Chris Caldwell

Advent Love Prayer

Advent Love Prayer

We thank you, O God, for the example of Roberto Clemente’s love, for a life living out the meaning of scripture, which says, “Greater love hath no man than this, than to lay down his life for his friends.”  

Remind us, in this selfish world in which live, that love is not a commodity to be reaped, but a harvest to be shared.  

Grant us the gift of a giving love, a blessing love.  Make us truly more interested in loving than being loved.

As Christmas approaches, we pray for those continents away from those they love:
Military personnel
State Department personnel

We pray for refugees crowded into camps
And for inmates crowded into prisons

At a time of year focused on home, we pray for those who are homeless, who are not all bearded schizophrenics pushing shopping carts, but who are also
Addicts ruled by drugs
Or the mentally ill haunted by anxieties
Or criminals hiding from the law
Or families devastated by healthcare bills
Or vagrants refusing to work
Or gay teenagers shunned by families.

We thank you for expressions of love from those who know us this time of year: for cards, gifts, and visits.
We thank you for chances to express love to those who don’t know us, through toy drives and Christmas baskets.

But remind us that loving our families is a year-round opportunity
And remind us that poverty is a year-round reality.

We thank you, Lord, for the music we have experienced this season:
Our choir in worship last Sunday,
The orchestra on Tuesday
And our children’s choirs on Wednesday.
We thank you for the generous gifts of time and money that make these blessings possible.

We offer you now this time of worship
May we bring to it our full attention
May we offer you our full devotion
So that, after we leave this place, we might put our worship in motion, by loving and serving others.


Joy Prayer

Joy Prayer

Pastoral Prayer, December 13, 2015
Broadway Baptist Church
Rev. Chris Caldwell, Pastor

Across our city and across our nation, in about one in every ten churches, there will be today special anniversary celebrations--celebrations of a 150th anniversary that might have slipped by unnoticed by some of us.  These African American churches will be joyfully celebrating the passage of the 13th amendment, which ended forever the practice of buying and selling their great-great-grandparents, a practice known as slavery.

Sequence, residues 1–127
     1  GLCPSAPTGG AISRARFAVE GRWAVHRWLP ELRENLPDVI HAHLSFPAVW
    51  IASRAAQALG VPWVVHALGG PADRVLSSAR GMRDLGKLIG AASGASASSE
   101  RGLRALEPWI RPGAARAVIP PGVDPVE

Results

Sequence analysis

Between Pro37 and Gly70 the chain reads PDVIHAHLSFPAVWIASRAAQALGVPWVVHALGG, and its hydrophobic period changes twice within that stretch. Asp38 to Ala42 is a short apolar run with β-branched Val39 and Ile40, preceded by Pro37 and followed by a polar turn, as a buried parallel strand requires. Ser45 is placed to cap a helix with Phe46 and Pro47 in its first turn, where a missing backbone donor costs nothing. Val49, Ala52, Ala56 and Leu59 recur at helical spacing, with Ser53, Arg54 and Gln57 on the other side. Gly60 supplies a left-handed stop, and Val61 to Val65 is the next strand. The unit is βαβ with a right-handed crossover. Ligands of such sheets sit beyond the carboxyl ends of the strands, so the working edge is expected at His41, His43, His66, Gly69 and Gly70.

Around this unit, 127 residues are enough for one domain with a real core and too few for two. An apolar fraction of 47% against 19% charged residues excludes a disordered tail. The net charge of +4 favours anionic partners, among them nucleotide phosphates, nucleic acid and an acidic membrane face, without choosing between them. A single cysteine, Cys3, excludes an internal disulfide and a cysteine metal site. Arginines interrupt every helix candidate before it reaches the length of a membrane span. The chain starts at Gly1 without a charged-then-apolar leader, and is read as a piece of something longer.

Here is what House Speaker Paul Ryan said at the anniversary celebration in Washington: The Thirteenth Amendment is just 43 words long. It is so short that, when you read it, you can almost miss the whole significance. You have to stop and remind yourself that 600,000 people died in the Civil War—600,000 died over 43 words. Or to be more precise, they died in a war that decided whether those 43 words would ever be written.

Let us pray

It comes as something of a surprise, O God, that captives, who for more than 200 years in our nation, were shackled and sold, would in large numbers adopt the faith of their captors.  It is hard to fathom how a race could adopt as scripture a book wherein a Christian slave is enjoined to return to his Christian owner.

Yet the joyful embrace of the Christian faith by our African American sisters and brothers teaches us something: that joy is as much a choice as it is a gift.

Sometimes joy finds us; but sometimes we choose joy.
Sometimes we are joyful because of, but other times we are joyful in spite of.

For centuries white folks have watched black folks embrace unbridled joy in worship, and have wondered why they were acting the fool, not knowing that the celebration was not an act of foolishness, or of denial--as if to say that life was not hard and at times cruel--but rather that the celebration was an act of defiance: a refusal to be shackled by the limits of what could be seen this side of the horizon, and an insistence on choosing the way of hope rather than bitterness.

Help us, Lord, to learn from their faith.  Help us to choose joyful thanks for what we have, rather than petty complaining about what we don’t have.

Help us to choose joyful faith in the hope of what can be, rather than jaded grumbling about our frustration with what merely is.

Lord, we do not come asking you to help us pretend.  We do not wish to pretend that storm clouds are sunshine.  But we do ask to be granted the faith of knowing you are our shelter in the storm and our strength beyond the chaos.

Lord, we do not come asking you to help us pretend.  We do not wish to pretend that our families are perfect or our days are flawless.  But we do ask to be granted thankful hearts for families or others who love us, and we do ask to find joy even in imperfect days.

Help us, Lord, to choose to see joy